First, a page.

Professional Training for Personal & Executive Assistants

I’m delighted (and hardly surprised) to find that a well-known company that specializes in all things etiquette & good taste has a section of its Web site devoted to office etiquette. My favourite of their “top ten tips”? Don’t eat stinky meals at your desk. This does actually make sense. These days we’re all in the cube farm together, and it can get pretty ripe if someone is eating oh, say, a tuna salad with roquefort dressing. Especially since most companies typically frown on lighting aromatherapy candles and/or spraying Febreze as if it were bug spray at a barbecue. But is this really cutting-edge advice for the beleaguered admin?!

This same arbiter of all things proper also offers a full-blown course of Professional Training for Personal & Executive Assistants. According to their blurb, “[our] training programmes provide Personal and Executive Assistants with the additional social and professional skills needed to stand out as confident ambassadors for their Executive and company.” Interested parties are told that price is divulged “on application.”

I would humbly suggest that if you stick with me you may just come away with more real-world advice, such as what to do when your boss is in a mood (when to crack the joke, when to hide in the storeroom), how to prolong your post-holiday “glow,” or how to sneak naps in empty conference rooms… This may not qualify as training you’re going to want to add to your resume, but it just might help you keep your sanity when all around you are losing theirs! And if that won’t make you a “confident ambassador,” I don’t know what will!

The Executive Admin Secretaryotype Quiz

Which one are you?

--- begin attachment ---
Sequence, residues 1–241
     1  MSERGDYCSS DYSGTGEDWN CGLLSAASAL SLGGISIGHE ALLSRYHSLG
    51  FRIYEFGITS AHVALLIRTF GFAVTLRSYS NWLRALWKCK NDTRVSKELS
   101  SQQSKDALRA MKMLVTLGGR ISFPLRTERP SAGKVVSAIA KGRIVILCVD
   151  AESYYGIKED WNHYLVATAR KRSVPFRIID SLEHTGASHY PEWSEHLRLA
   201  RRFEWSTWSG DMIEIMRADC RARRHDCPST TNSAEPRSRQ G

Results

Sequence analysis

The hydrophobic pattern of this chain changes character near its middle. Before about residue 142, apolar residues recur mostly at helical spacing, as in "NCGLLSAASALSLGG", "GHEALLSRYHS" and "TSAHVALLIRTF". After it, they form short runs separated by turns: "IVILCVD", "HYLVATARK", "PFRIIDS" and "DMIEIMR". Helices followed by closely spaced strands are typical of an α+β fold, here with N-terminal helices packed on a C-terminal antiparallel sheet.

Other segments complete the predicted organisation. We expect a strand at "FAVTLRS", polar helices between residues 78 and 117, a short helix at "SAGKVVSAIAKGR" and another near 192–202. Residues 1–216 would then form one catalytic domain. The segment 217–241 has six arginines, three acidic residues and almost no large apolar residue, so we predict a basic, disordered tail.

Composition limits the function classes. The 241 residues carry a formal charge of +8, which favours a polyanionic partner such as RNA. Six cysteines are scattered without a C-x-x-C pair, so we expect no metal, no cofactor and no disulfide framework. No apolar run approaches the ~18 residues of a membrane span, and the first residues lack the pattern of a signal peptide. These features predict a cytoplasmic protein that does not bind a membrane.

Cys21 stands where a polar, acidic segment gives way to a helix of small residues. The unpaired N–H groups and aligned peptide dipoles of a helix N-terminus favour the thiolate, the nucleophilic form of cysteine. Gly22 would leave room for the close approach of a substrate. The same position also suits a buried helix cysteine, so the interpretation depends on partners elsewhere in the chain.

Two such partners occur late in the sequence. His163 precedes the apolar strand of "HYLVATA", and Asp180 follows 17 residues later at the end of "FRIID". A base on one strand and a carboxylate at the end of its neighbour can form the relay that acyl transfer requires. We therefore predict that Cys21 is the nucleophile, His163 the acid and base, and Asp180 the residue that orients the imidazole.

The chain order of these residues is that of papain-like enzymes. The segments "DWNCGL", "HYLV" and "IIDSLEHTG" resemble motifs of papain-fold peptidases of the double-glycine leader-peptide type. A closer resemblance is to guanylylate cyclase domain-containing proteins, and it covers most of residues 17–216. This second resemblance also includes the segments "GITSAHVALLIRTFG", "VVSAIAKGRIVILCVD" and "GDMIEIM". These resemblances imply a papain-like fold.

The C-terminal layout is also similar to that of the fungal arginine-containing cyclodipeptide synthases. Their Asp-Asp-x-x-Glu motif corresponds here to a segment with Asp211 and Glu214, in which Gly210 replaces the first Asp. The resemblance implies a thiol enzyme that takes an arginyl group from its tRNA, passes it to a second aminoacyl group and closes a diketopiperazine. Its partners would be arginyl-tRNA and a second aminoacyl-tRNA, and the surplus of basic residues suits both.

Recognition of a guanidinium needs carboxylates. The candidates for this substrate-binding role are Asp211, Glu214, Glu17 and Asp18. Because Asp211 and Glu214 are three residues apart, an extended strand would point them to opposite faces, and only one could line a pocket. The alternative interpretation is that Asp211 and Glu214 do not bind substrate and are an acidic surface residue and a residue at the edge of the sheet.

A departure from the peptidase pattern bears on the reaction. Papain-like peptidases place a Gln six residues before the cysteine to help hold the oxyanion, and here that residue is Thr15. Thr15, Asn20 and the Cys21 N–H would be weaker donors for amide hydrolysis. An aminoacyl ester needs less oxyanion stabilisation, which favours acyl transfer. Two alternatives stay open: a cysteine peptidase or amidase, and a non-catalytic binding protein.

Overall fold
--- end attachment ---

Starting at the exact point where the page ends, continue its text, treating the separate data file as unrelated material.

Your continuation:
Which one are you?

Ok, folks! I thought I’d share a little game I just made up – it’s called The Executive Admin Secretaryotype Quiz! All you have to do is answer the following question, then read the descriptions below (don’t cheat!). Some of you may be far too young to remember some of these great characters, but you can look them up! Or plug in some characters of your own in the comment box!

If you were a fictional secretary, which one would you be?

  1. Karen Walker (Will & Grace)
  2. Dolores Landringham (The West Wing)
  3. Miss Moneypenny (James Bond)
  4. Tess McGill (Working Girl)
  5. Jennifer Marlowe (WKRP in Cincinatti)
  6. Virginia “Pepper” Potts (Ironman)

*******

Your Secretaryotype and what it means…(!)

  1. The Dabbler. I don’t need this job, it’s just something to do between blackouts. If I answer the phone, don’t expect me to take an intelligible message. But don’t worry – I probably won’t answer the phone.
  2. The Seasoned Veteran. I’m quietly, unassumingly unflappable. Tough as nails. I support the POTUS, after all!
  3. The Soul of Discretion. I like to pretend that if 007 were to crook his finger, I’d leave this job in a second. But we both know I’m a lifer. The nation’s secrets (and its spies) will always be safe with me.
  4. The Climber. I’m willing to get in on the ground floor and work my way up. I’m after my boss’s job and her man. In fact, I’d like her whole life!